48     Inq. a.q.d. file 384, no. 19.
49     Cal. Pat. 1377-81, p. 426.
50     Chan. Inq. p.m. 19 Ric. II, no. 29. Joan Basset died in 1402, holding this third of the manor (ibid. 4 Hen. IV, no. 38).
51     Ibid. 20 Hen. VI, no. 23.
52     Feet of F. case 293, file 71, no. 335.
53     Chan. Inq. p.m. 30 Hen. VI, no. 12.
54     Cal. Inq. p.m. Hen. VII, i, 302.
55     Exch. Inq. p.m. (Ser. 2), file 5, no. 11.
56     Chan. Inq. p.m. (Ser. 2), xxv, 160.
57     Priv. Act, 36 Geo. III, cap. 66.
58     Cal. Pat. 1324-7, p. 292.
59     Ibid. 1330-4, pp. 205-6.
60     Chan. Inq. p.m. 2 Ric. II, no. 46.
61     L. and P. Hen. VIII, iv, g. 137 (I).
62     Chan. Inq. p.m. 2 Ric. III, no. 34; (Ser. 2), ccxlvi, 108.
63     Ibid. cccxlix, 164
64     Hund R. (Rec. Com.), ii, 347.
65     Ibid. i, 38, 45.
66     De Banco R. 578, m. 362 d.
67     Cal. Pat. 1330-4, p. 205.
68     Chan. Inq. p.m. (Ser. 2). cccxlix, 164.
69     Abbrev. Plac. (Rec. Com.), 33. A grant of this land was made by the prior in 1254 (Feet of F. case 16, file 33. no. 13).
70     L. and P. Hen. VIII, iv, 1913, 2217
71     V.C.H. Bucks. i, 241.
72     Feet of F. case 15, file 25, no. 31.
73     Cur. Reg. R. 169, m. 68.
74     Chan. Inq. p.m. 29 Edw. I, no. 43.
75     Cal. Pat. 1429-36, p. 595,
76     Recov. R. Hil. 15 Geo. III, m. 392; Mich. 4 Geo. IV, m. 122.
77     Ibid. Trin. 53 Geo. III, m. 403; Feet of F. Bucks. East. 54 Geo. III.
78     Inq. a.q.d. file 384, no. 19.
79     Round, Cal. Doc. of France, 444.

Facing Page 456:
Sherington Church from the South-East

Page 457

nave and narrow north aisle. Both the chancel and north aisle were rebuilt early in the 14th century, and it is probable that the completion of the tower was contemplated at the same time, (Note 80) but little beyond the insertion of the turret stairway was completed at this time. About 1350 the south aisle and the two-storied porch were added, and the nave was widened towards the north, its west wall being rebuilt. The bell-chamber and buttresses were added to the tower late in the 15th century, when the nave c1earstory was also added or remodelled, new tracery was inserted in the large west window, and the nave and aisles were re-roofed. In 1870 the whole fabric was restored and a modern vestry has been added.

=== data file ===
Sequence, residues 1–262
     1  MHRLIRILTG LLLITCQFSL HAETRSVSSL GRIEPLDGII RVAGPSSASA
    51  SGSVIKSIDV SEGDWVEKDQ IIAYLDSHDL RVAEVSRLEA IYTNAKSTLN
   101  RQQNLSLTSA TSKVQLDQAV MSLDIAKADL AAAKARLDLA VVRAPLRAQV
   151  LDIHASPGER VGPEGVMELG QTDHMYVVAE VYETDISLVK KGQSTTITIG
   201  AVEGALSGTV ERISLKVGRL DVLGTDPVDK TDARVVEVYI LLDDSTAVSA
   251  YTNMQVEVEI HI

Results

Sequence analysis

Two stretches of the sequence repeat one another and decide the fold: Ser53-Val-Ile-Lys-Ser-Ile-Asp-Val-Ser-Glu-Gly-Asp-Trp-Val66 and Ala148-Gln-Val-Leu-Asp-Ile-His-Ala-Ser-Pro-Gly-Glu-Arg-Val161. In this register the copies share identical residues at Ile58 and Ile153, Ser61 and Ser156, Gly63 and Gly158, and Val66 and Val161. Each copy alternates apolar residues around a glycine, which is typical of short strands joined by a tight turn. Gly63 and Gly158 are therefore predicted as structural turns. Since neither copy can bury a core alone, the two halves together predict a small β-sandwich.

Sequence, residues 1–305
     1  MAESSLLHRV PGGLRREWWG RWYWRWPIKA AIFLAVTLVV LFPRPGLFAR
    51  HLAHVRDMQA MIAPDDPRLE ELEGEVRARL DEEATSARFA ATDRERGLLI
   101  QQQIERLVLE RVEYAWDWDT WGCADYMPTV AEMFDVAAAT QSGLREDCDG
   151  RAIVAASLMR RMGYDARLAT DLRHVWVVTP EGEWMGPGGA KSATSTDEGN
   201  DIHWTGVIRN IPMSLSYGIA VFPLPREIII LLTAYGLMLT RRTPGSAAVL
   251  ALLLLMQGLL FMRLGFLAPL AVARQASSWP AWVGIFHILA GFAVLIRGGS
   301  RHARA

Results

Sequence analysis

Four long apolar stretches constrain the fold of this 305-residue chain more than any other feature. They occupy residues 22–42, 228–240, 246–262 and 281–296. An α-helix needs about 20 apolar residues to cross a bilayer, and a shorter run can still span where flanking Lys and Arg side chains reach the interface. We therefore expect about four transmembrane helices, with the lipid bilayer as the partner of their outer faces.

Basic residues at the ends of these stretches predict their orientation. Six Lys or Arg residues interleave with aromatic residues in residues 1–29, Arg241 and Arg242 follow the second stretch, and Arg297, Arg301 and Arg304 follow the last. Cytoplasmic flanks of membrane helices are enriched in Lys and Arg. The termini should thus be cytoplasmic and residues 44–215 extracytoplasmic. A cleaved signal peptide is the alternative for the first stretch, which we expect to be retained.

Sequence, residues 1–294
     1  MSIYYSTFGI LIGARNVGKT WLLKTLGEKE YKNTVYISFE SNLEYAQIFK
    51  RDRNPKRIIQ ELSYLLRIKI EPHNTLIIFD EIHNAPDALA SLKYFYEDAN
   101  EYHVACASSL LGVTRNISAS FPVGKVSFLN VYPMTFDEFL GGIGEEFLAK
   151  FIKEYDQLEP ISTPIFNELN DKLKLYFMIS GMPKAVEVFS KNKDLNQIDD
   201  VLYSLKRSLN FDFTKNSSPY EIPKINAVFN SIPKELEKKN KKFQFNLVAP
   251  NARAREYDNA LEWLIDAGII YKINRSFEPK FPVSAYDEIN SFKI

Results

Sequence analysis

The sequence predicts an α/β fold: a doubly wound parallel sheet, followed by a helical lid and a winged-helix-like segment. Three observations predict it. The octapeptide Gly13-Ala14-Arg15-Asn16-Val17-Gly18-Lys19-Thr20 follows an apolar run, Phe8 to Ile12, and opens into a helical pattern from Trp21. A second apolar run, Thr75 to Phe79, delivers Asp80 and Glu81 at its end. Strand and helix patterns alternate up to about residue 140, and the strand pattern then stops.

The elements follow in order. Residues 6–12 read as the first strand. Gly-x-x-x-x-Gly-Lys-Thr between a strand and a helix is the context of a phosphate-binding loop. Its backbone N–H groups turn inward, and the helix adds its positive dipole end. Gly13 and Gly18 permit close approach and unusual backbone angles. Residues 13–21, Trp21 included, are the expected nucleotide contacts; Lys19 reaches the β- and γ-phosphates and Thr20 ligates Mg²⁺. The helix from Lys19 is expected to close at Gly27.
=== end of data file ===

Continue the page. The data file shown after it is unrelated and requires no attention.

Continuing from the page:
The chancel widens out towards the east, and was probably begun at that end before the original structure was removed. The head and jambs of the pointed east window, enriched internally with a continuous edge-roll, are of the 14th century, but the tracery is modern: On the south are two three-light windows with vertical tracery, both of which were inserted in

Plan of Sherington Church